SYDNEY -- French defense contractor Naval Group is preparing to send Australia a bill after a $66 billion contract was sunk by a secret deal between Canberra, Washington and London to share technology on nuclear-powered submarines and form AUKUS, a new three-nation defense alliance.
Naval Group chief executive Pierre Eric Pommellet told France's Le Figaro newspaper in an article published Wednesday that a bill would be sent to Canberra in the coming weeks. Australia had agreed in 2016 to buy 12 diesel-powered submarines from the French, and the break fee -- on top of the more than $1 billion reportedly spent during the design phase -- could be substantial.
Pommellet said that Australia had told his company, which is majority-owned by French taxpayers, to go ahead with a new phase of the program on the morning last week that the contract was terminated. "We were in shock. This decision was announced to us without any notice," he told the newspaper. "Very few companies have experienced such a [brutal] scenario."
Naval Group would bill the Australians for current and future costs related to infrastructure and redeploying employees, Pommellet said, adding that Canberra had asked for a detailed breakdown of costs. "Australia terminated the contract [on its own accord], which means that we are not at fault."
Canberra told Naval Group on Sept. 15 that a review had been completed, as required by contractual agreements, said a spokeswoman for Australia's Defense Ministry in an email. "This correspondence did not refer to or authorise commencement of the next phase of the program, which remained subject to the announcement of decisions by the Australian Government."
Australia has insisted that Prime Minister Scott Morrison warned French President Emmanuel Macron of problems with the contract during a visit to Paris in June. But there has been an ugly diplomatic rupture, with Macron recalling France's ambassadors to the U.S. and Australia over what it saw as a "betrayal."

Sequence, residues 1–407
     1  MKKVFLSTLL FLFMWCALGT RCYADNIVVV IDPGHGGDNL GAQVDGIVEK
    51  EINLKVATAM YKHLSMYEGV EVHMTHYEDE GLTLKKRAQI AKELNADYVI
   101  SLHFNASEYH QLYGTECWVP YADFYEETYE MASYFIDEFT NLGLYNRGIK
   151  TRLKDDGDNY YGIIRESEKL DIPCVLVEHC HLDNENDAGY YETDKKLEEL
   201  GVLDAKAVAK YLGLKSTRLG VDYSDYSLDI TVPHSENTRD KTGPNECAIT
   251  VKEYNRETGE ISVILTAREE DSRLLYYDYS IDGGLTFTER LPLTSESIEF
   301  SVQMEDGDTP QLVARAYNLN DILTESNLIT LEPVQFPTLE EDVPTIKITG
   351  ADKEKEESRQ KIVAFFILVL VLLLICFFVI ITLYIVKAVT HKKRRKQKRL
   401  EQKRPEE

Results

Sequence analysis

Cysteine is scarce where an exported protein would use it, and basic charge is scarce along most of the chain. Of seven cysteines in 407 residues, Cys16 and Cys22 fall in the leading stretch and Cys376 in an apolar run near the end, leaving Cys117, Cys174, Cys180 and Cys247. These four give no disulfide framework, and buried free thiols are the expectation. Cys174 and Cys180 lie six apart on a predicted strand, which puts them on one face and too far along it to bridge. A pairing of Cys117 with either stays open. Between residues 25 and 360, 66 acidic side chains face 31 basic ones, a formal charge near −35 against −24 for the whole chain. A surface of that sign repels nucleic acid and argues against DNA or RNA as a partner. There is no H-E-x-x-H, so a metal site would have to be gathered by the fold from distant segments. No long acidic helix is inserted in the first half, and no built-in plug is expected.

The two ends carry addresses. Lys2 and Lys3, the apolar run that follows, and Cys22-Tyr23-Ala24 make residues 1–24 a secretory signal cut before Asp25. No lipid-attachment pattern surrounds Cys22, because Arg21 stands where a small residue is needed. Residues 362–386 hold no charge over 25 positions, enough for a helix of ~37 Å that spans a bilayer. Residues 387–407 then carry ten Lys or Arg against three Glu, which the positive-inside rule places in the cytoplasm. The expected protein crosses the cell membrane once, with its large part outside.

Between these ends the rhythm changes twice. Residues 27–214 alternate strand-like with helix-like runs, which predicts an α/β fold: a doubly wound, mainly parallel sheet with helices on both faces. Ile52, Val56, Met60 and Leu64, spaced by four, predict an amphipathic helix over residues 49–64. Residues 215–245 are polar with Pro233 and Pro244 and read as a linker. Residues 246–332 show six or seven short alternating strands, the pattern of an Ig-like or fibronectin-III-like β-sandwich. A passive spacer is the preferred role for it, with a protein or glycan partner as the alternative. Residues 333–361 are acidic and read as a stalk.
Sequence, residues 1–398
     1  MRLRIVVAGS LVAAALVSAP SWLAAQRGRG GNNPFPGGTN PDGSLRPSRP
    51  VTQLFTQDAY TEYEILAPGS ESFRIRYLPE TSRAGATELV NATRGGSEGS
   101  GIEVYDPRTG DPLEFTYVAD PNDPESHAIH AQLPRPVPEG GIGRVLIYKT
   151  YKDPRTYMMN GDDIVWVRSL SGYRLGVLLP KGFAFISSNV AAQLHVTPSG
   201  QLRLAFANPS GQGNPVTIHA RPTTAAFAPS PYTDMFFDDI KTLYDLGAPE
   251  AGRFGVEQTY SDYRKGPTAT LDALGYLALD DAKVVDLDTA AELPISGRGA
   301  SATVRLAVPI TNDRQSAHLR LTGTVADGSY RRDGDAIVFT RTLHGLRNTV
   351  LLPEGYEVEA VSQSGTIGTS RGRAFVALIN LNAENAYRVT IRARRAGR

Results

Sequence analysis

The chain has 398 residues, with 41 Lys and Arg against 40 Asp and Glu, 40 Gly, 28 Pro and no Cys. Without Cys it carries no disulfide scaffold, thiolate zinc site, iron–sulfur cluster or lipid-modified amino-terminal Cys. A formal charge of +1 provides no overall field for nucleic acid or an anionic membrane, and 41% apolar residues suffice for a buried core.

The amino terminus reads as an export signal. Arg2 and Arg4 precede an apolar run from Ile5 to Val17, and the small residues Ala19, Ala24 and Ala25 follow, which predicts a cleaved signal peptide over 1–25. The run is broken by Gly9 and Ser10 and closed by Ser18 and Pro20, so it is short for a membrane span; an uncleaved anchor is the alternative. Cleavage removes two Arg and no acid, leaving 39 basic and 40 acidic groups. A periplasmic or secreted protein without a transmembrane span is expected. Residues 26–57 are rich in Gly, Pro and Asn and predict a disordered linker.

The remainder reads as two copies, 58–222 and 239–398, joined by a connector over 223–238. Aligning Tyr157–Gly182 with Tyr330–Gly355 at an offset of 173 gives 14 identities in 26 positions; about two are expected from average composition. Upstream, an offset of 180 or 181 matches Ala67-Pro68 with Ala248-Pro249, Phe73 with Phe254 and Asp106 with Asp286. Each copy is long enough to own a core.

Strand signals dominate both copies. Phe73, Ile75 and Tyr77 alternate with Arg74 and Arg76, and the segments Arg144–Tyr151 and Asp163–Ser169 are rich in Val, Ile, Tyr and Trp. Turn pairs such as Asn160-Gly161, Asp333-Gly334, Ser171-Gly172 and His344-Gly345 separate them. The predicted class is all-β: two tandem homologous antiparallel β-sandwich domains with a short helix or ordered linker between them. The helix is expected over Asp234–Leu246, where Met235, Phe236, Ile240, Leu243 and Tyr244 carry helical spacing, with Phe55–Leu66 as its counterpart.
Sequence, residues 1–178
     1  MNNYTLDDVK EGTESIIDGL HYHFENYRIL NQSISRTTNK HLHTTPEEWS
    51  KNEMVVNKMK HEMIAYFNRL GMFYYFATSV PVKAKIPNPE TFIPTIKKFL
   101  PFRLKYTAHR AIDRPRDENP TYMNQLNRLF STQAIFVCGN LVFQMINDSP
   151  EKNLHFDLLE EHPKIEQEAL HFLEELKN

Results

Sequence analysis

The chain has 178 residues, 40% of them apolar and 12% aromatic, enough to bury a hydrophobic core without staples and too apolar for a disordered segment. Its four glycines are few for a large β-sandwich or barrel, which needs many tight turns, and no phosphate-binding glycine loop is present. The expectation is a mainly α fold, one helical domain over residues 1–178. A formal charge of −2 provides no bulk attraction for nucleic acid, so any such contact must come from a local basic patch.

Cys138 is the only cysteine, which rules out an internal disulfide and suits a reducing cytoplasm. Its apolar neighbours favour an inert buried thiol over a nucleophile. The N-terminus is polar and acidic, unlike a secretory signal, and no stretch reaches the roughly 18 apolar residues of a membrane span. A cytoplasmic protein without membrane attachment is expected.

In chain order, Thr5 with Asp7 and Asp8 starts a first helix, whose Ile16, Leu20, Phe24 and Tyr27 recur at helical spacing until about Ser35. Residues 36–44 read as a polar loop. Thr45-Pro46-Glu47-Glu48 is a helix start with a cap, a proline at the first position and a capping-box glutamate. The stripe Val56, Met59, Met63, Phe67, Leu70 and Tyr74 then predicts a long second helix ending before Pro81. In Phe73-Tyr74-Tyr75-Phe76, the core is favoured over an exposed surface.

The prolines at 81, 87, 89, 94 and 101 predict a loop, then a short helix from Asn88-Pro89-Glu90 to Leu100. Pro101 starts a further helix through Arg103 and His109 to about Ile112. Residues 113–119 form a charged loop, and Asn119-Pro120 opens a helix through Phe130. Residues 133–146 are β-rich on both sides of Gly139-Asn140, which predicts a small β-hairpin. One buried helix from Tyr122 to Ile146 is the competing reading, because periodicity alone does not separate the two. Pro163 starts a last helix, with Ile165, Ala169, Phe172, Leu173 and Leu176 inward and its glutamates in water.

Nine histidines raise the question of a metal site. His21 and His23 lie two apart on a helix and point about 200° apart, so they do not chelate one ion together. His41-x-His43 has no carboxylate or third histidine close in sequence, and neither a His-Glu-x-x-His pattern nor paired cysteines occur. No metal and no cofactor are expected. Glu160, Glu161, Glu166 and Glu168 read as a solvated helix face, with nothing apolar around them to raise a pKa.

Paris did not recall its ambassador to London, sparing Britain from the worst of the fallout partly because French officials saw it as a junior partner in the new defense pact, with Foreign Minister Jean-Yves Le Drian likening Britain's role to that of a "fifth wheel on the wagon."
But that didn't stop British Prime Minister Boris Johnson from telling reporters in Washington on Wednesday, in a mash-up of schoolboy French and English, that it was time for Paris to "Prenez un grip" ["Get a grip"] and "Donnez-moi un break" ["Give me a break"].
Morrison, who is in the U.S. for meetings with world leaders, said he has unsuccessfully tried to arrange a conversation with Macron. There has so far been no word on when France may return its envoy to Canberra.
Meanwhile, Denmark is siding with the U.S. in the dispute with its fellow EU member France.
Prime Minister Mette Frederiksen said in a newspaper interview that she wants to warn against turning "concrete challenges, which will always exist between allies, into something they should not be."
On Tuesday, the EU agreed to put the dispute at the top of the bloc's political agenda.
"In the light of the discussions that are taking place right now in Europe, I think it is important to say that I experience [U.S. President Joe] Biden as very loyal to the trans-Atlantic alliance," Frederiksen told Danish newspaper Politiken on Wednesday.
Asked whether she can understand the French criticism, Frederiksen replied: "No, I cannot. I do not understand that at all."
Information for this article was contributed by Rachel Pannett of The Washington Post and by writers of The Associated Press.